By Tom Hollon
Programmed cell death, or apoptosis, the process in which cells self-destruct by fragmentation, is connected to the way penicillin and some other antibiotics kill bacteria. Research by Rodger Novak of New York Medical Center and Elaine Tuomanen and her colleagues at St. Jude Children's Research Hospital (Memphis, TN) demonstrates penicillin uses a death signal peptide to unleash bacterial cell death programs.
The discovery, reported in the January issue of Molecular Cell, marks a step forward in understanding how penicillin works. It has long been known that penicillin stops bacterial growth when it binds proteins called peptidoglycans in the bacterial cell wall. But binding the cell wall does not directly cause death, and explaining how penicillin kills bacteria remains an unfinished task.
The earliest explanation, that disruption of the cell wall led to cell rupture by osmotic pressure, was abandoned when it was found that penicillin binding of peptidoglycans somehow activated suicidal bacterial enzymes called autolysins. Autolysins are normally tightly controlled and used to cleave the cell wall to allow cell growth and cell separation.
Out of control, they cause rapid death by cell lysis.
The researchers explored how penicillin kills bacteria by isolating mutants of Streptococcus pneumoniae that had active autolysin systems but that were not killed by penicillin. They found one mutant that resisted both penicillin and vancomycin, and examined the genes whose mutations enabled survival against two antibiotics.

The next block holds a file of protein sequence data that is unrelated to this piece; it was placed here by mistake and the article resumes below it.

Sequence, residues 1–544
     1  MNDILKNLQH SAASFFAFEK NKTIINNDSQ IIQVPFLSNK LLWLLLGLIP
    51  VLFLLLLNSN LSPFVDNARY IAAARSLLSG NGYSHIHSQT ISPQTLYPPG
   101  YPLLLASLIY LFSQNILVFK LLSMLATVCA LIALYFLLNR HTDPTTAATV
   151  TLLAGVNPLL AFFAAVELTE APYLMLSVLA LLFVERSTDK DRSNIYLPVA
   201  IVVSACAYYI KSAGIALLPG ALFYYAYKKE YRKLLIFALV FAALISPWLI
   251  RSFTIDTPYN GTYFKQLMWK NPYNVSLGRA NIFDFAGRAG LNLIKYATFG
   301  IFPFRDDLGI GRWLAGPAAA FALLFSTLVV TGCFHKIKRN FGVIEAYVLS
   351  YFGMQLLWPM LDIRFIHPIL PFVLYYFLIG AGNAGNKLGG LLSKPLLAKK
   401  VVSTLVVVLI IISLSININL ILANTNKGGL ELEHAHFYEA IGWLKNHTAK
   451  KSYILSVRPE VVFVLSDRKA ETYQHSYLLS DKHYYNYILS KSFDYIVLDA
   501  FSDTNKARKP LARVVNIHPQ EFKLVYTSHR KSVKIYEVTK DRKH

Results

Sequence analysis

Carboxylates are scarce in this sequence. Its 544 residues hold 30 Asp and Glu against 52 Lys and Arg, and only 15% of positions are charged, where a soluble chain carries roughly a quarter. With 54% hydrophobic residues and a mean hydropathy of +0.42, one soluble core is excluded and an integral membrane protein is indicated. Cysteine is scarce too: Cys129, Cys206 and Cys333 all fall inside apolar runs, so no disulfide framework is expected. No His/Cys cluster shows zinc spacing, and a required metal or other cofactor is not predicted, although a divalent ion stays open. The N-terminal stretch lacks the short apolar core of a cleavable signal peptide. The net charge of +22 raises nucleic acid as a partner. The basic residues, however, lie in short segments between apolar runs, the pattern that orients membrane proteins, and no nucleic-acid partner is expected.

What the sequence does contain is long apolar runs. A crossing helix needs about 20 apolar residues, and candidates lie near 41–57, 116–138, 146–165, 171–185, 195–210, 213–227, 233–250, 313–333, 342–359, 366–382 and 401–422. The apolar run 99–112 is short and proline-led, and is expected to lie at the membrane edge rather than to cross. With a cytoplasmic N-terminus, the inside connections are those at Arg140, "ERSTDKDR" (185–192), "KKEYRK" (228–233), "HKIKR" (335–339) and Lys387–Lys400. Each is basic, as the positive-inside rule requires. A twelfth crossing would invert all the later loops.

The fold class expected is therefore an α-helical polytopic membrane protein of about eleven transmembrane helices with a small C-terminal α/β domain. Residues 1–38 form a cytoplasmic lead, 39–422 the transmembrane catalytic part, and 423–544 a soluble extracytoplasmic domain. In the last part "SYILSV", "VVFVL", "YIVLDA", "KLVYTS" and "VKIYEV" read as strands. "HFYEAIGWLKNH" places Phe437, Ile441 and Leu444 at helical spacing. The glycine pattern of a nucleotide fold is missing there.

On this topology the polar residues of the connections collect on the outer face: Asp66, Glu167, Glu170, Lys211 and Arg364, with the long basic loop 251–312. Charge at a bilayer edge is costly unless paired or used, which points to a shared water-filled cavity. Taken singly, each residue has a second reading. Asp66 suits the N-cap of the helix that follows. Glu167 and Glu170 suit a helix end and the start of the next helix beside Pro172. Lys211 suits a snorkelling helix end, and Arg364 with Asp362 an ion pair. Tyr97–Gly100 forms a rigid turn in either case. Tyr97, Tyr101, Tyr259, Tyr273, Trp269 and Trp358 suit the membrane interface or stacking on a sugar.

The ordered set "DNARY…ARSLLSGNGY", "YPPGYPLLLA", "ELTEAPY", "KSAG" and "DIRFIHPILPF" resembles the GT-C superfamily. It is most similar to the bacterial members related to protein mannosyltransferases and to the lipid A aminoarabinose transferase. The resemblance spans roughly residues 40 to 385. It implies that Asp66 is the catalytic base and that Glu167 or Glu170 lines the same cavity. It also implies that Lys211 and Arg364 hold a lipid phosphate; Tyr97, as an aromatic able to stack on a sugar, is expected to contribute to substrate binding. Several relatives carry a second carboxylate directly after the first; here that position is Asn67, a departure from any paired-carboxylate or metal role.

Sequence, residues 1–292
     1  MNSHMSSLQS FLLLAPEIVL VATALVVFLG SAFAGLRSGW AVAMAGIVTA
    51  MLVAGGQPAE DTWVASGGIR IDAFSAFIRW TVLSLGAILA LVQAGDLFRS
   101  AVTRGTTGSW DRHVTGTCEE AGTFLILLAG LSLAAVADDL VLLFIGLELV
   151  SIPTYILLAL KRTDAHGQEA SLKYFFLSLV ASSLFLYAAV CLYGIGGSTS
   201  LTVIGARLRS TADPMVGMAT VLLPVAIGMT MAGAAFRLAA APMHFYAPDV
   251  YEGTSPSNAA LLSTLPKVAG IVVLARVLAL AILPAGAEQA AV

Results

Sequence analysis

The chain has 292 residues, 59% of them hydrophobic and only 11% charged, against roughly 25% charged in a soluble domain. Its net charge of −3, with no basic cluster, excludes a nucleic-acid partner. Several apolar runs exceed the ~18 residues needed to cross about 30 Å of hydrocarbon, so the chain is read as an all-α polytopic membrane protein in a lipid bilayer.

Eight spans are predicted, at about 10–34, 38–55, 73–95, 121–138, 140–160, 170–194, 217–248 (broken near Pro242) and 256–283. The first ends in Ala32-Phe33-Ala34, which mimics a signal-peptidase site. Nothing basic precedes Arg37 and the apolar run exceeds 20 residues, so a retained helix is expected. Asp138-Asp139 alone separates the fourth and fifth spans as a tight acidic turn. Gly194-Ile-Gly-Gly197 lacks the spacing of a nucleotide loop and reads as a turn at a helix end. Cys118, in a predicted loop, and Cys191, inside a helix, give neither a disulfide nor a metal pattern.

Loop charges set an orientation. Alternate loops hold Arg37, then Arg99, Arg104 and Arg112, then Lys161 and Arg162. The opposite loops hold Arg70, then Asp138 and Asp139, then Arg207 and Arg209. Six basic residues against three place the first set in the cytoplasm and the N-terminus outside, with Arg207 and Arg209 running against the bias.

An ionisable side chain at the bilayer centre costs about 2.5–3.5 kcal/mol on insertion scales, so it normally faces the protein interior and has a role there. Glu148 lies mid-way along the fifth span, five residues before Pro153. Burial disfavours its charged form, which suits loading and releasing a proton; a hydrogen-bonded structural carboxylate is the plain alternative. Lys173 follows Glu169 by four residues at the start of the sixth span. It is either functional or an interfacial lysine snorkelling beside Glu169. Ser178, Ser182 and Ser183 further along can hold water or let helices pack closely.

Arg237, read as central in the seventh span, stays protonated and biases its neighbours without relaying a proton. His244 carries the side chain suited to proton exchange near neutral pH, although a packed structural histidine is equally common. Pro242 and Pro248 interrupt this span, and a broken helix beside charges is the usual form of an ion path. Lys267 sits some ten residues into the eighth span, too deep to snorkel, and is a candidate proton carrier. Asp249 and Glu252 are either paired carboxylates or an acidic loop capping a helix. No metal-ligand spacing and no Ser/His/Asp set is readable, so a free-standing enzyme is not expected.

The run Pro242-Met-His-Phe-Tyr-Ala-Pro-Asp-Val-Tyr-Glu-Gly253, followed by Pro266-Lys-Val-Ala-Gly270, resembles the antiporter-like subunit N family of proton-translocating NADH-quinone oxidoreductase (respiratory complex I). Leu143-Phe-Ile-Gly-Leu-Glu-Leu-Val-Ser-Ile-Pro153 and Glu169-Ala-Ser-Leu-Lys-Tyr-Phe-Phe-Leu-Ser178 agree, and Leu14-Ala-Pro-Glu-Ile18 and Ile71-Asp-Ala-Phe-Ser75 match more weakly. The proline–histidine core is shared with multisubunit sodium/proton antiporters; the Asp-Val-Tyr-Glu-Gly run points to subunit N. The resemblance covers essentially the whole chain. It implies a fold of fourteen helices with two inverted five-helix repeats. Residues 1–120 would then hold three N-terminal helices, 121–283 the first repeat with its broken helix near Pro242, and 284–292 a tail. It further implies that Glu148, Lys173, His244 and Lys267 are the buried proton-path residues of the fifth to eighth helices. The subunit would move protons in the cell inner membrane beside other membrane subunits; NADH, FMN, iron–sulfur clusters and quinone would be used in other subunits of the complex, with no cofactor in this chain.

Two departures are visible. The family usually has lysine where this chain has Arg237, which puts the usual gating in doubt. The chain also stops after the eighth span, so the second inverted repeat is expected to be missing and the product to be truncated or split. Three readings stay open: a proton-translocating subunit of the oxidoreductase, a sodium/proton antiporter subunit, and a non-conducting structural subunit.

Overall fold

Their studies revealed a four-component system that controls penicillin and vancomycin activation of autolysinsa 27 amino acid peptide and a transporter protein for sending it outside the cell and a two-protein signaling system that detects the peptide.
They found the peptide to be a death signal, stopping growth and inducing autolysis when added to cells. The peptide was essential to cell suicide: S. pneumoniae in which the peptide gene was inactivated did not die in the presence of penicillin or vancomycin. In similar experiments, they found the proteins detecting the death signal peptide were also essential.
The death signal peptide seems to work only against its own species; it failed to kill other streptococcal species or Staphylococcus aureus. Novak believes it is highly likely other bacteria will have similar death peptide systems.
The death signal peptide killed even when the principle autolysin, LytA, was inactive, indicating penicillin activates more than one bacterial death pathway. Here there are clinical implications: Sometimes bacteria in the body become tolerant to antibiotics because their autolytic pathways become inactive. Closer study of these pathways may yield better understanding of how antibiotics induce cell death and new targets for antibiotic development, especially ones that can kill bacteria with inactive autolysins.
R. Novak et al., Signaling Transduction by a Death Signal Peptide:
Uncovering the Mechanism of Bacterial Killing by Penicillin. Molecular
Cell 5, 49-57, 2000.
About the Author
Tom Hollon is a science writer and editor based in Rockville, MD. He was the founding editor of the journal Modern Drug Discovery. Prior to that, Tom conducted research at the National Institutes of Health, the Pasteur Institute, and the University of Washington. He can be reached at email@example.com.